It may be easy to disagree with his politics on a national scale -- if you support the Obama administration's affordable health care act, for example, or are unhappy with his endorsement of Wisconsin Congressman Paul Ryan's budget proposal -- but it's difficult to find fault with his representation here at home.
We believe Jon Runyan, R-3rd of Mount Laurel, is doing a good job in that role.
And given the thousands of retired and active-duty military families living in Burlington and Ocean counties, Runyan's positions on the House Armed Services and Veterans Services committees could be crucial to the life of one of the most significant drivers of the region's economy.
After decades of closure and cutback threats, Joint Base McGuire-Dix-Lakehurst has thrived in recent years, but that may change as the president seeks congressional authorization for a Base Realignment and Closure process.
In a meeting with the Burlington County Times Editorial Board on Tuesday, Runyan said he has made fighting the closure of the joint base a priority.
We were very happy to hear that.
"Looking at what we've already done (to cut defense spending), what the budget proposes and what sequestration will do, it's catastrophic if all three hit us," he said.
Runyan also said he strongly opposes the president's call for another round of military base closings, which could start as early as next year.
Catastrophe indeed. The county can't afford to lose the joint base. Straddling Pemberton Township, Springfield, New Hanover, Wrightstown and North Hanover, the base pumps about $7 billion into the county's economy and is the second-largest employer in New Jersey. There are more than 44,000 military service members, their families and civilians who work or live at the base.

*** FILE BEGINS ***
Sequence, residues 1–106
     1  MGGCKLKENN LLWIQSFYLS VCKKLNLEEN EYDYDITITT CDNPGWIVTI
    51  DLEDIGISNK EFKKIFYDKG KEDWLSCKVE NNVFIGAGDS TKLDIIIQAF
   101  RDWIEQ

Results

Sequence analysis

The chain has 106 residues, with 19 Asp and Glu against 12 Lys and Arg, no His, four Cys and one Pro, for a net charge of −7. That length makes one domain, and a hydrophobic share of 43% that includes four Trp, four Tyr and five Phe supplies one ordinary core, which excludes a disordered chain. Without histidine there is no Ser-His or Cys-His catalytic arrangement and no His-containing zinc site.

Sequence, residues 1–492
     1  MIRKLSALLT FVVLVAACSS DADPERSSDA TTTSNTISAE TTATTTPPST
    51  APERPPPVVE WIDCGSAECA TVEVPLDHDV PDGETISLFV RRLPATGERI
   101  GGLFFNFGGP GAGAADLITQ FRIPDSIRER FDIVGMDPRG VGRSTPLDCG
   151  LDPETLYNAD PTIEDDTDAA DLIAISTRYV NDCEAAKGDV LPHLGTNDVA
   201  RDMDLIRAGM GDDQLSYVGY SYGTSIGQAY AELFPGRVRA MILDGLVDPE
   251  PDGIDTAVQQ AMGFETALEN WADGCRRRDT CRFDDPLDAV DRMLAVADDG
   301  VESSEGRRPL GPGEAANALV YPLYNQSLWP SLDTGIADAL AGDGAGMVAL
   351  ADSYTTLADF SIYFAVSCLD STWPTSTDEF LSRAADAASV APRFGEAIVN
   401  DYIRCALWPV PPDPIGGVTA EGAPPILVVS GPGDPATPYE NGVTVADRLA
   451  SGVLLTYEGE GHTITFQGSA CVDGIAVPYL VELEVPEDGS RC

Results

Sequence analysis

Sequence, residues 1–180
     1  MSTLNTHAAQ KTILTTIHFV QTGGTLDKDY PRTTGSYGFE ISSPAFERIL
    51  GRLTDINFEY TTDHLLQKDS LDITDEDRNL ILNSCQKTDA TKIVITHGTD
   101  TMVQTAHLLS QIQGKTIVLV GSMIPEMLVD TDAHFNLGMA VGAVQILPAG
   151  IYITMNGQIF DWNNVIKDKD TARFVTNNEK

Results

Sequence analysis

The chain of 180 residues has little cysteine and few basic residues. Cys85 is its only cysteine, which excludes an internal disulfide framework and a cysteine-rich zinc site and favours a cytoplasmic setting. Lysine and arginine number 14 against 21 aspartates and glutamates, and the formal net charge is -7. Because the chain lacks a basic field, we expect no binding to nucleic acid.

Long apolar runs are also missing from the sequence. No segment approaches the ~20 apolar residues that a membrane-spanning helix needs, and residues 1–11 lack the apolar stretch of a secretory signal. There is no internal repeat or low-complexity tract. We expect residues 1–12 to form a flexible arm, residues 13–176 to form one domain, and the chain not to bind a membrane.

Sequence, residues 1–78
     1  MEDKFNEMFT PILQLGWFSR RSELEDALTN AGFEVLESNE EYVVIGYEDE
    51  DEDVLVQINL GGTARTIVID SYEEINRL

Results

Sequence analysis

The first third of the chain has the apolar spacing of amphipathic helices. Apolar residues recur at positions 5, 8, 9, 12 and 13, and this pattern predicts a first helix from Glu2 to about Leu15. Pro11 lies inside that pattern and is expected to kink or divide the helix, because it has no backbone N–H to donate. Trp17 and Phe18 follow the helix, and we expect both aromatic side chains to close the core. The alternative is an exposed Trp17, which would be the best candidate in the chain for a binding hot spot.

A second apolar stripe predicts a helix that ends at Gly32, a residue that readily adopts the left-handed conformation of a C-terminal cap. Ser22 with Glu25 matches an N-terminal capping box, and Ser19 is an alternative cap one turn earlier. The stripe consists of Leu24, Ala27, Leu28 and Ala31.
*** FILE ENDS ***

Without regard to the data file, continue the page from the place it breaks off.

It would be impossible to count the number of businesses -- many of them mom-and-pop shops -- that rely on base residents and workers for their livelihoods.
The joint base's missions are diverse and, in many cases, unique. National Guard and Reserve soldiers, who make up a considerable portion of our fighting force, are trained for deployment at the base. Military missions include the transport of tons of supplies and thousands of personnel overseas. Jets from the installation refuel other military aircraft flying over the Atlantic Ocean.
And jobs at the military post may not be the only ones in jeopardy. Serious cutbacks or a closure could also mean the loss of county-based defense contractors, such as Lockheed Martin in Moorestown, Sea Box in Cinnaminson, and a number of others, to another region. These are the types of businesses that offer the high-paying engineering and tech jobs we need to keep in Burlington County.
Runyan and other committee members have been meeting with federal, state and local officials to discuss strategies aimed at saving the joint base. One possibility: There are some 47,000 acres surrounding the 67-acre facility -- and Runyan suggested expanding the base by picking up additional training missions and units from other installations.
We're not going to agree with him on every issue, but we support the congressman in his efforts to ensure that there will be a bright future for Joint Base McGuire-Dix-Lakehurst.
By fighting to protect one of Burlington County's most valuable assets, Runyan is doing exactly what he should -- serving his constituents.